by Rev. Earle J. Fisher, Special to The New Tri-State Defender
This past May, City Council member Philip Spinosa resigned from his seat. A few weeks later, the Council appointed Ford Canale as an interim Council member. Canale will serve as interim for 10 weeks until the August 2 elections, at which time Memphis voters will get to decide who holds the seat for the next year or so.
This is understandable. Council members select a short-term interim, and the voters elect a longer-term member the first chance they get.
But, while one political transition will conclude, several others are likely to commence. Also, on August 2nd, up to three current Council members may leave the Council if they win county offices. And unless they decide to resign their Council seats before they are required to, Memphis voters may be denied the chance to elect their successors.
City Council members Edmund Ford, Janis Fullilove, and Bill Morrison are running for County Commission, Juvenile Court Clerk, and Probate Court Clerk, respectively. If any of them win this August, they face a choice. Under the County Charter, they have 90 days to resign their city office. If they resign promptly, there will be time to use this November’s election to fill the vacancy.
But if they take the full 90 days, as appears to be the practice, they can effectively prevent an election to fill their seat. Instead, the Council members will appoint an “interim” member—not for 10 weeks, as with the Spinosa seat, but 10 months, until October 2019’s regularly scheduled City Council election. This could significantly compromise fair voice for Memphis voters.
By October 2019, the “interim” will have been an incumbent for almost a year, with all the advantages that incumbency brings. And if elected, the Council member for the next year, and possibly for the next four years after that, will have essentially been chosen not by the voters, but by 7 politicians outside the purview of the general public.
These types of developments contribute to the deep suspicions and distrust many Memphians (and many Americans) feel regarding electoral politics. Pew research polls detail, “Trust in government remains at or near historically low levels across generational lines.” Only 1 in 5 Millennials report trust in government. The result is low-turnout elections and a widening gap between the politically astute and the perpetually exploited.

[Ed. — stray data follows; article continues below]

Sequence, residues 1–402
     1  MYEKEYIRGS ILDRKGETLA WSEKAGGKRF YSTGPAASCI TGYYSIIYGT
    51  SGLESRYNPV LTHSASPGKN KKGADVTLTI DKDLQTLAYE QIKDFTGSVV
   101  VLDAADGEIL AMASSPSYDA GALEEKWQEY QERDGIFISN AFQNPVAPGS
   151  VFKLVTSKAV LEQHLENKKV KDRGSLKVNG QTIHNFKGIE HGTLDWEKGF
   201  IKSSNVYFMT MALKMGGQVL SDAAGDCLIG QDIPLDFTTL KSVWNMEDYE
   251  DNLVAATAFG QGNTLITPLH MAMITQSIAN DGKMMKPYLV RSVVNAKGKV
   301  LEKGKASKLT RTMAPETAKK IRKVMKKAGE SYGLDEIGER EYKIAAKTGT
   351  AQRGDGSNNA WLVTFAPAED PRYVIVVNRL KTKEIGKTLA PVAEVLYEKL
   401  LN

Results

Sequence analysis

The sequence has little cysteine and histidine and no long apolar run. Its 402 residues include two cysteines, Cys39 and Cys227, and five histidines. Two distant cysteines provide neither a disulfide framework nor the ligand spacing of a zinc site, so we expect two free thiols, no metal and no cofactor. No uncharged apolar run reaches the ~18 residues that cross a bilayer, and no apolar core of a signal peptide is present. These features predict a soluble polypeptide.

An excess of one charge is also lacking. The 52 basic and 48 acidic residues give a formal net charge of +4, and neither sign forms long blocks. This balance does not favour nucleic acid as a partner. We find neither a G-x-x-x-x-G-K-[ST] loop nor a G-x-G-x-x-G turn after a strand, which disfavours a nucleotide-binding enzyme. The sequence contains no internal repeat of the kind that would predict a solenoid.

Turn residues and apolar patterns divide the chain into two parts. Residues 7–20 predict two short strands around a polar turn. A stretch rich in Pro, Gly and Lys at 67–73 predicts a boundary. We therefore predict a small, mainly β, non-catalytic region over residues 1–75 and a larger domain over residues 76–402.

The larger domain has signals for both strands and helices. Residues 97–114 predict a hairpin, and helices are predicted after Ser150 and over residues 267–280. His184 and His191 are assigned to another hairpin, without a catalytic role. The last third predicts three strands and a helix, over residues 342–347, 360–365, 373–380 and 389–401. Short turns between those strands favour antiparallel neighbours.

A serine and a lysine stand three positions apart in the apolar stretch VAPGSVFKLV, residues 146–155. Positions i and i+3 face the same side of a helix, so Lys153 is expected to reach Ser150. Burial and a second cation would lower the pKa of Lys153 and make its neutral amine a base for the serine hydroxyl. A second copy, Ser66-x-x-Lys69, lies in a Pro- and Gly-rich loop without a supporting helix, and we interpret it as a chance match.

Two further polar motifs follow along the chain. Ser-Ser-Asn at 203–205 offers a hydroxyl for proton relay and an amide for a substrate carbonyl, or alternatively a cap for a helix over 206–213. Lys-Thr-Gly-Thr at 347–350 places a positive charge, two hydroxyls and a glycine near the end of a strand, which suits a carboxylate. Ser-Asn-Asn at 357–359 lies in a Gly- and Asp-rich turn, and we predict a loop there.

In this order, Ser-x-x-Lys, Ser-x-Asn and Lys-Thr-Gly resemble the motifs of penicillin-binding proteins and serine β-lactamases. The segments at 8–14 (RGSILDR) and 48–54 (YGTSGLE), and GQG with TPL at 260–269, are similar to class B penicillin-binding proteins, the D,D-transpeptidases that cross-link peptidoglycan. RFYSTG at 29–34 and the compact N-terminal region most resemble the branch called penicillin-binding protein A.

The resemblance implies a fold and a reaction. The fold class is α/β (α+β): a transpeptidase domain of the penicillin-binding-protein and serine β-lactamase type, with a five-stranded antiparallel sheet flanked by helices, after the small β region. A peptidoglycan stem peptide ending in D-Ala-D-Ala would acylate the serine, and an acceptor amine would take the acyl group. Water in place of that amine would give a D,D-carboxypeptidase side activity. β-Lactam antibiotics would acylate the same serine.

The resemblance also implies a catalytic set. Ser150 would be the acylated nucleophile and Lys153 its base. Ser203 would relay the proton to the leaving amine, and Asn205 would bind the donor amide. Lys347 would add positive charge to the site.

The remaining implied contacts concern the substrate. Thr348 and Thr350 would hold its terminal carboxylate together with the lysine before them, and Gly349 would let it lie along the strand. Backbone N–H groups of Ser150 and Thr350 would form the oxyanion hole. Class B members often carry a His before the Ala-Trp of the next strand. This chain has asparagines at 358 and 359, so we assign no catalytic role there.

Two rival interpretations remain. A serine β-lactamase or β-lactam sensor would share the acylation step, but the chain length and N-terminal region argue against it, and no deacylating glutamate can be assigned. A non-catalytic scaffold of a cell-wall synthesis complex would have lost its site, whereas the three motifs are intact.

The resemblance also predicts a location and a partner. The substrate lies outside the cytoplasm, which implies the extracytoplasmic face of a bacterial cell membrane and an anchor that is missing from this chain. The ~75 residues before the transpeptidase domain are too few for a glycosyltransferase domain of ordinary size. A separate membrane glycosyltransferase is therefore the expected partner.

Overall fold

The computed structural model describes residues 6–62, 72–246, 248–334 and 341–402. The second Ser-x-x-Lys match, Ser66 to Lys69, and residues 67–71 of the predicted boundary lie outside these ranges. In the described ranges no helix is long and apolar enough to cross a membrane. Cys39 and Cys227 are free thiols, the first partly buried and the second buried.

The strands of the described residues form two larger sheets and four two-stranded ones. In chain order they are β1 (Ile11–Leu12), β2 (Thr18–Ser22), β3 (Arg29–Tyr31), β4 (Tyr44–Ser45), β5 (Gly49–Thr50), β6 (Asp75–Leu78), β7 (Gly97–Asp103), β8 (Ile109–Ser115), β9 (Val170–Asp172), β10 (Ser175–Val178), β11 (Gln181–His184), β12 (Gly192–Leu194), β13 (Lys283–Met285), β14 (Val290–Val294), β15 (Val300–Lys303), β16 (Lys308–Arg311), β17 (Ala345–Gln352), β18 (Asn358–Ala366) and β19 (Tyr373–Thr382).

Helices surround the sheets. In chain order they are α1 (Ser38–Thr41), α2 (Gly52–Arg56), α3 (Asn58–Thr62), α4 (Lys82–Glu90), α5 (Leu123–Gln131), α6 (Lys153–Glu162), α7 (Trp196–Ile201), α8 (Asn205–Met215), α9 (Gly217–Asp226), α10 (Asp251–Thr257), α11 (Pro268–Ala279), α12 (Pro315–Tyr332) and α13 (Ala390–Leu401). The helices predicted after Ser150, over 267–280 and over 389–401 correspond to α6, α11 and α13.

In November of 2017 we launched #UPTheVote901 to increase voter turnout through voter empowerment. For too long, marginalized communities in Shelby County have been disenfranchised due to inadequate access to the most righteous information – the most efficient ways to register and update our voter info, details regarding the specific election (Municipal, County, Federal, Primary, General, etc.), which vital issues are on the ballot and how these issues impact voters in their neighborhoods, etc. We face structural barriers like photo ID requirements, felon disenfranchisement rules, and generational poverty sustained by public policy.
The potential City/County seat swap is another example of how the voters’ voices are being suppressed and marginalized communities denied fair participation in choosing their representation.
Adding insult to injury, the City Council members involved could potentially end up “double-dipping” being paid out of both the City and County treasury, serving simultaneously as county and city government officials for three months of overlap.
I am a proponent of fair wages. I believe elected officials should be adequately compensated for their service. I also believe simultaneously holding a city and county seat, and being paid by both, creates a potential conflict of interest, since the interests of city and county government do not always align. And fiscal improprieties have done the most damage to the public trust and voter confidence.
Fortunately, there is a way to avoid all this. These three Council members can publicly pledge now that if they win, they will resign in a reasonable amount of time (two-weeks) to allow an election to fill their vacancy this November. Voters considering them for county office during their summer campaigns should demand that they answer this question and state their intent. I have confidence that these public servants will do what’s in the best interest to build public trust. The current climate is too tense for anyone to contribute any further to voter disempowerment.
It is best for the people when our leaders are elected by the people, not simply selected by politicians.
(The Rev. Earle J. Fisher is senior pastor of Abyssinian Baptist Church (Whitehaven) and lead organizer of #UPTheVote901, a grassroots initiative intended to increase voter turnout in Memphis/Shelby County.)